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Publication - Guidance

Guidance for policy officials: explanatory memoranda

Published: 23 Mar 2016
Part of:
International
ISBN:
9781786522085

Guidance to assist policy officials in responding to explanatory memoranda: the briefing mechanism used to assess the implications of EU policy in the UK.

13 page PDF

376.0kB

13 page PDF

376.0kB

Contents
Guidance for policy officials: explanatory memoranda
Annex B: Example of an EU proposal breaching subsidiarity

13 page PDF

376.0kB

Annex B: Example of an EU proposal breaching subsidiarity

In 2012, the European Parliament and Council issued a Draft Regulation on Establishing a Fund for European Aid to the Most Deprived. This aimed to establish an EU-level fund to support member states in the provision of food banks and goods for the homeless. The proposal thereby related to cohesion, a shared competence between the EU and member states - meaning that the subsidiarity test was applied. The European Commission argued that action to combat poverty at the EU level was necessary, given the level of poverty and social exclusion across the Union. It recognised that the EU economic and fiscal crisis had exacerbated levels of poverty across Member States, and saw the fund as a way of 'demonstrating the direct solidarity of the Union with poor people'. It argued that the principle of subsidiarity was respected, as the EU would leave it up to Member States to decide how the funds were administered.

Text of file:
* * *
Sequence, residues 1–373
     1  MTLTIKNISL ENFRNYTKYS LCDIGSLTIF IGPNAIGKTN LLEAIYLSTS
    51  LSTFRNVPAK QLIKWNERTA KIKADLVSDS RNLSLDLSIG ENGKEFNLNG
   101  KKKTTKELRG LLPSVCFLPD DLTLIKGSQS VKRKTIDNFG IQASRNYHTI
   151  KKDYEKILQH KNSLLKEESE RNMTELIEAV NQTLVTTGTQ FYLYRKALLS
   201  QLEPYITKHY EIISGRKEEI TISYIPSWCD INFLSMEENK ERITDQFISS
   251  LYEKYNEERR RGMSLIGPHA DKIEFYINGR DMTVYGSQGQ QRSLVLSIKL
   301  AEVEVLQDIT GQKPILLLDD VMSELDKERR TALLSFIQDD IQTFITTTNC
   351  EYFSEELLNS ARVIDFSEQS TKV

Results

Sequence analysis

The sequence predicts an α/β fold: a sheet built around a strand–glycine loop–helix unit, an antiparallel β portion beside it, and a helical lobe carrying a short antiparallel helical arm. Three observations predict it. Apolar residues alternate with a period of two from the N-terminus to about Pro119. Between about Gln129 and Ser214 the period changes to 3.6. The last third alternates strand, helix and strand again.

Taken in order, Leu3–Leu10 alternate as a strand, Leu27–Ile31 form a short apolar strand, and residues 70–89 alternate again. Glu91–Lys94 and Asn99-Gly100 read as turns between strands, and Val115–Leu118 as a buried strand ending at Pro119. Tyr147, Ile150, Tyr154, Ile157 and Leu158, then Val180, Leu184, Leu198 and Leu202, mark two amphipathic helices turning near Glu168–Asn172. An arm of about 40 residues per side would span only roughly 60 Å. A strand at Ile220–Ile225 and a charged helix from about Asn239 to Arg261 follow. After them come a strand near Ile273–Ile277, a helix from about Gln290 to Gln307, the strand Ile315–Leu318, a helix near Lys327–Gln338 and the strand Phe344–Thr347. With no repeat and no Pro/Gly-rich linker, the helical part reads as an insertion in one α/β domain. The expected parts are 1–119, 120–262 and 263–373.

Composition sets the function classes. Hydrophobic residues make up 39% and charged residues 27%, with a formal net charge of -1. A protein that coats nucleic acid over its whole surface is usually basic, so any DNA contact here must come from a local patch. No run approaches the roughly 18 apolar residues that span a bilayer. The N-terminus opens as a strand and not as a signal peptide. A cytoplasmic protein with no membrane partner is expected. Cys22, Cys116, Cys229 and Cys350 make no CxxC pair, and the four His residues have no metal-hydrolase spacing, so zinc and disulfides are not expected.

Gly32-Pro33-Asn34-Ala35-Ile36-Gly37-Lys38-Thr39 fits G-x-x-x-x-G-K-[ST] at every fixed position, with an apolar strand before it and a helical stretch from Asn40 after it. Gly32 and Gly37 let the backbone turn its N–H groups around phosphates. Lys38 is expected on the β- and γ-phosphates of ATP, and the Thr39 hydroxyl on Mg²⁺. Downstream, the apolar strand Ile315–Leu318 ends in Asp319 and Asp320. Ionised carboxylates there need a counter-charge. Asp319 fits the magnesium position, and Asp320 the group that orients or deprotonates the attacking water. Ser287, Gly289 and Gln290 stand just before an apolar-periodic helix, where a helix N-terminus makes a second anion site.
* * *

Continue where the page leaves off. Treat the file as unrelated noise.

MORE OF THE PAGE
However, the UK Parliament argued that it was not necessary to address the issue of poverty at an EU level. Given the different challenges and financial constraints across Member States, it was far more appropriate to take action at a national level. Further, it was unacceptable to bind all Member States into contributing to this fund, when national support in most instances was adequate. The UK Parliament also dismissed the Commission's argument that the fund would show solidarity with the most deprived people across Europe, stating: 'the fact that the Commission is anxious to be seen to act (to mitigate its contribution to the economic and financial crisis) does not mean that EU action is necessary or justified'.

Both the House of Commons and the Lords wrote a reasoned opinion to the European Commission and Council (as they were proposing the action), setting out why they thought that the proposal did not accord with the principle of subsidiarity. They were supported by the Riksdag of the Kingdom of Sweden and by the German Bundestag. However, as less than a third of EU national parliaments took issue with the proposals, the Council and Commission were not forced to review them.


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